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‘Toxic’ Sunscreens To Be Banned In U.S. Virgin Islands Under Proposed Legislation

CHARLOTTE AMALIE — The Committee on Government Operations, Consumer and Veteran Affairs will hear Bill No 33-0043 on Monday which seeks to ban the sale of sunscreen products containing oxybenzone and octinoxate. The bill is sponsored by Senators Marvin Blyden and Janelle Sarauw and co-sponsored by Senator Javan James, Sr.

“As we forge forward with stronger and more resilient buildings, roadways and technological infrastructures in the Virgin Islands, I am very mindful to include measures that protect the natural playground of both our children and tourists alike – the beaches; as well as one of our economical ways of life – fishing for sale and food” Sarauw said.

Senator Sarauw said that she has been working very closely with colleague Senator Blyden, governmental environmental agencies, environmentalists, and environmental organizations, reviewing numerous research and studies that have explicitly shown how the use of sunscreen containing the chemicals oxybenzone and octinoxate are not only harmful to your health – the chemicals are absorbed by the skin and have been measured in the blood, breast milk and urine, but also harmful to the oceanic ecosystem because of its toxicity to our corals and other marine life.

“We must protect our coral system and marine life – the very things that bring visitors to our beautiful islands and support our economy. It is time we stopped the toxic sunscreen burn – a measure Island Green has been advocating for since 2016 – and pave the way toward comprehensive sustainability,” Harith Wickrema, President of Islands Green Living Association, said. “I am pleased to offer this critically important piece of legislation. The protection of our marine environment and coral reefs is not just protecting our national patrimony, it is also protecting our economy.”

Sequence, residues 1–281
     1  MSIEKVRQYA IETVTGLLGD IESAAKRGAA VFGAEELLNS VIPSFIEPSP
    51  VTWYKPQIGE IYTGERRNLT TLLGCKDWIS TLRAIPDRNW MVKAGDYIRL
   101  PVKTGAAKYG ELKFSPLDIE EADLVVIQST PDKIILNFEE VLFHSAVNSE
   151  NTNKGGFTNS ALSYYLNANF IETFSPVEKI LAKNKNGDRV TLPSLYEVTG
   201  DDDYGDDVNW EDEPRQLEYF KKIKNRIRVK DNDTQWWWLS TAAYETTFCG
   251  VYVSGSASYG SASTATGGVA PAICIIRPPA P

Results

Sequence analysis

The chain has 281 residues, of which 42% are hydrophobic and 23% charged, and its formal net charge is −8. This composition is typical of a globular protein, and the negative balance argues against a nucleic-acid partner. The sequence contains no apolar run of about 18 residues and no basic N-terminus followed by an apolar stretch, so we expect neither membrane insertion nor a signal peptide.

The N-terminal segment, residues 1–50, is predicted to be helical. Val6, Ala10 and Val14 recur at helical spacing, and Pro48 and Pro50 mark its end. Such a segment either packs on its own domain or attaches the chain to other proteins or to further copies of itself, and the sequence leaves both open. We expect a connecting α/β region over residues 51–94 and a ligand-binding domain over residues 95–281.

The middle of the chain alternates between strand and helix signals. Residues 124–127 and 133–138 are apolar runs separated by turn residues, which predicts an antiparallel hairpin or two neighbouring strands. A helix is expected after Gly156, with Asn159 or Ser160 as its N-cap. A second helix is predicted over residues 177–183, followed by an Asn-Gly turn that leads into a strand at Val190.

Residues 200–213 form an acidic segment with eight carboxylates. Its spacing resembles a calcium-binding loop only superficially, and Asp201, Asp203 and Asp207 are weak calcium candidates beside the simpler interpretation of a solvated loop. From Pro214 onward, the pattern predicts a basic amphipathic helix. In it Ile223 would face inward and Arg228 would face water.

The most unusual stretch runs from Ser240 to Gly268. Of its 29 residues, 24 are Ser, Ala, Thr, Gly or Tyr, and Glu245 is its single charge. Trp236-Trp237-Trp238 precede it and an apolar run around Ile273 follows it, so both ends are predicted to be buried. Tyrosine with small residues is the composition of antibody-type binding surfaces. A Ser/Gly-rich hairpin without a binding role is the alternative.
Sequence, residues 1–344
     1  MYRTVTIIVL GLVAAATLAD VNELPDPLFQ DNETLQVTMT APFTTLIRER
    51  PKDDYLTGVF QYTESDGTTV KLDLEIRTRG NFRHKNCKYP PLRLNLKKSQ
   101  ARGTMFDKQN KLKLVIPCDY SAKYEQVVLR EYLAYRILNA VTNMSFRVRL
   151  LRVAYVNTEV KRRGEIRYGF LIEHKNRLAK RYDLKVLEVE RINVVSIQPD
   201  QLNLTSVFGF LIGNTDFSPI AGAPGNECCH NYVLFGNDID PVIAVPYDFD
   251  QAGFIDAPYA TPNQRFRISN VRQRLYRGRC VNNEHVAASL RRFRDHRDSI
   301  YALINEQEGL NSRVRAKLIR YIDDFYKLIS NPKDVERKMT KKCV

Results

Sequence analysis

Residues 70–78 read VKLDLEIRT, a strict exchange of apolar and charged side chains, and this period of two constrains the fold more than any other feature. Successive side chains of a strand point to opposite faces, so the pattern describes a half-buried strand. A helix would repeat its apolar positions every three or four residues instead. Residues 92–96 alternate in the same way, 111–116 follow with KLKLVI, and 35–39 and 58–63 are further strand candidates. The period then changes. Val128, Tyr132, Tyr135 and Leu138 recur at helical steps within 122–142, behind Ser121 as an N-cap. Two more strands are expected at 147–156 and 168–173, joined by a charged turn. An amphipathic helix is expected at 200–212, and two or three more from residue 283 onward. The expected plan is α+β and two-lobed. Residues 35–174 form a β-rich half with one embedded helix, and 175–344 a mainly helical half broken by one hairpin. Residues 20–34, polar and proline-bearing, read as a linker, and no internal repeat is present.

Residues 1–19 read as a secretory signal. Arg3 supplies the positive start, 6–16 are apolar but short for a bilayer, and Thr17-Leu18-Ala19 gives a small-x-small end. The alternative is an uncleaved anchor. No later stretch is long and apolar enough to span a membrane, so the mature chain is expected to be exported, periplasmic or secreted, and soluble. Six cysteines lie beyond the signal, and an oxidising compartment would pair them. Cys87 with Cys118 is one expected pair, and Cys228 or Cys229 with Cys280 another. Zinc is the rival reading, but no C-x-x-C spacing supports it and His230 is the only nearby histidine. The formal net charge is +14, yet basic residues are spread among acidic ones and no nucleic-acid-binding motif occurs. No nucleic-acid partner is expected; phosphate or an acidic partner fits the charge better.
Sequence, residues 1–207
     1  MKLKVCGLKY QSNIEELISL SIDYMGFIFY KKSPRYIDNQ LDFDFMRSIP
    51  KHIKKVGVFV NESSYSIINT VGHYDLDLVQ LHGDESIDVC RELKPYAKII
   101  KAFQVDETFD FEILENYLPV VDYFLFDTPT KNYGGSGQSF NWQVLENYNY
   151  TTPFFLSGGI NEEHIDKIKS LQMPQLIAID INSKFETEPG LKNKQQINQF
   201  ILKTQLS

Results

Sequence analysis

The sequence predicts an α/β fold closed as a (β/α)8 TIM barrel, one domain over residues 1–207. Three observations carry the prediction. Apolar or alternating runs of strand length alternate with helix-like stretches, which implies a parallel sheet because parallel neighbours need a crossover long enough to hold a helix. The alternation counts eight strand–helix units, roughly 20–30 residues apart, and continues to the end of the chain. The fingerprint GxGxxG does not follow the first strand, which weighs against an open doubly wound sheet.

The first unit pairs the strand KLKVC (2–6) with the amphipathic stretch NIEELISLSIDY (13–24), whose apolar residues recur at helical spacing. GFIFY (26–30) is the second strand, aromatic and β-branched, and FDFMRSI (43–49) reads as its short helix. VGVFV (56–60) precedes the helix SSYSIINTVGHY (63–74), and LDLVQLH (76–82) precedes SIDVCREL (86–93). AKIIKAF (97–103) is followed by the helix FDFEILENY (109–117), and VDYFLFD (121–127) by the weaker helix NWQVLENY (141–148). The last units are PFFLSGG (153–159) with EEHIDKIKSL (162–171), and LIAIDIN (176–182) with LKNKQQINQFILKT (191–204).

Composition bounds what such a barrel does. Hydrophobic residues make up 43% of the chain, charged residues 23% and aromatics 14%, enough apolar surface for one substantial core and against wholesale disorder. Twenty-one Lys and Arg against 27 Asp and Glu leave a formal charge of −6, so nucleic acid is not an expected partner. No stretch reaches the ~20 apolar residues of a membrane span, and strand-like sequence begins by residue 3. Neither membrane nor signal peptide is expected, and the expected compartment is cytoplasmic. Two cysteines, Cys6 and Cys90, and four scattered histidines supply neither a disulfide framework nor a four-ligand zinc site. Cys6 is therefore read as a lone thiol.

Several other Caribbean islands and places like Key West and Hawaii have already implemented bans on the reef damaging toxic sunscreens.

“I am especially gratified to have had the opportunity to work in partnership with Senator Sarauw and with a number of community organizations and the University of the Virgin Islands on this important piece of legislation,” Senator Blyden said. “I believe it will help to ensure that our coral reefs remain healthy and a viable tourist attraction for generations to come.”

Scientists studying the effects of these chemicals on reefs have stated that “about 90 percent of the reefs in the Caribbean have disappeared since 1980”.

“We want to encourage a healthier and safer alternative in the use of natural sunscreen, but we also have to be aggressive in saving our reefs now by banning harmful sunscreen – that is our responsibility,” Sarauw said. “I will continue to champion and collaborate on measures that protect and/or reverse the harm done to our environment. A cleaner Virgin Islands, both in the health of its people and spaces, only serves to benefit us all!”

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